Before deciding to opt out of Medicare, it is important that you weigh the positives and negatives of such a move, especially if you think you might decide to opt back in again. The financial impact on your practice, and contractual obligations with hospitals and health plans might make it more trouble than it’s worth.
The choice to opt out of Medicare came about with the 1997 Balanced Budget Act, which, in section 4507, states that there is nothing in Medicare to prohibit a physician form entering into a “Private contract with a Medicare beneficiary” for medical service. So long as the physician doesn’t try to make a claim, or receive a payment from medicare.
You will have quite a few letters to send notifying patients about the change, explaining what opting out means and the options to stay or find a new physician. Also letters to colleagues that might be affected by the change, and affidavits to each carrier that has jurisdiction over claims you have filed. This affidavits need to be renewed every five years.
You might also have an initial loss of income, due to having less patients. But many feel that removing constant contact with a government run system of health insurance well worth the initial inconvenience.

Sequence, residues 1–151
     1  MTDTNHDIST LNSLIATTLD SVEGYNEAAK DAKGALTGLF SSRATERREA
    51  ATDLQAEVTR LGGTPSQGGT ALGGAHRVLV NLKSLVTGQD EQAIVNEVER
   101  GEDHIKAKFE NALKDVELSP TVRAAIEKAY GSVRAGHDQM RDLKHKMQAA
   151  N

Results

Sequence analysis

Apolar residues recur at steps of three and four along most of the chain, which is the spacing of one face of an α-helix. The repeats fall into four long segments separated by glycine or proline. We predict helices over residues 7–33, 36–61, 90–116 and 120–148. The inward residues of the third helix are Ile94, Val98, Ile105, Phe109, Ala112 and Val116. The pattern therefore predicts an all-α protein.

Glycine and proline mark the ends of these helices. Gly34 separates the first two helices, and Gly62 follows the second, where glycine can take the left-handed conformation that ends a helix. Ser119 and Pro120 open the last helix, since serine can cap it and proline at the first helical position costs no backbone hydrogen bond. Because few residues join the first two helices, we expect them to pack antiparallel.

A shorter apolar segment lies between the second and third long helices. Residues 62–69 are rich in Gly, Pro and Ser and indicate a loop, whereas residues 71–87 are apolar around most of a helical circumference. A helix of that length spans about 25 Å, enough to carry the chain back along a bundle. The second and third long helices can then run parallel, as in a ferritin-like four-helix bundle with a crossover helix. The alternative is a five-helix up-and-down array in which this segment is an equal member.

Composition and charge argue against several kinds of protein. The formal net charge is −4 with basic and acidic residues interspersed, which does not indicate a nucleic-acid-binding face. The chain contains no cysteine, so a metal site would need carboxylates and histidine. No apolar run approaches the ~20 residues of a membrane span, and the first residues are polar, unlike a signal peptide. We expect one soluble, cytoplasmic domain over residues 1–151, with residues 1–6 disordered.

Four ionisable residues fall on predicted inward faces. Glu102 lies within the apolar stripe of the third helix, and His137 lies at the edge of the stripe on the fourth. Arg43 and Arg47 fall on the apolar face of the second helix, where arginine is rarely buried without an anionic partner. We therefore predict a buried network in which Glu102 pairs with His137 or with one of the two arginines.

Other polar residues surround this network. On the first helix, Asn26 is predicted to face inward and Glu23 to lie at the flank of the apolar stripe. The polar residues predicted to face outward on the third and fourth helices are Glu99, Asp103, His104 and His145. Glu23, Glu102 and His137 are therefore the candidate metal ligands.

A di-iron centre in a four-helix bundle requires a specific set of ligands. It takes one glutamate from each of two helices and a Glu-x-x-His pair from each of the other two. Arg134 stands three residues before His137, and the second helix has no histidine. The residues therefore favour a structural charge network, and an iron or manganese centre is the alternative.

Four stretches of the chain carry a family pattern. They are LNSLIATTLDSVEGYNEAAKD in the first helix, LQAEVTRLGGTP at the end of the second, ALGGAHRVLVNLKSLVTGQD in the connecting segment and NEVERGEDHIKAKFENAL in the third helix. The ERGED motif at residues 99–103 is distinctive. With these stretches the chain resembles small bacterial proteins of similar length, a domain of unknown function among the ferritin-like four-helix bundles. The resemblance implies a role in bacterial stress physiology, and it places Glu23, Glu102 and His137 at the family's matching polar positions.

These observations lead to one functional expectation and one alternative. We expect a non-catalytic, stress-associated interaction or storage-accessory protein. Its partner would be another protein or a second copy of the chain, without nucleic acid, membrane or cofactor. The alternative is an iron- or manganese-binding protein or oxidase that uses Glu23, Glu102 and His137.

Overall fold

Now, having examined the pros and cons of opting out, “Can I choose to opt back in?” For the first ninety days after opting out, you have the option of coming back, just like you had never left. Just notify the carriers to which you sent affidavits to and refund any money you made from private contracting. If you go past the ninety days, you may opt back in when it is time for your two year renewal. Simply complete a new Medicare physician enrollment form, just like you did when you where new to the program.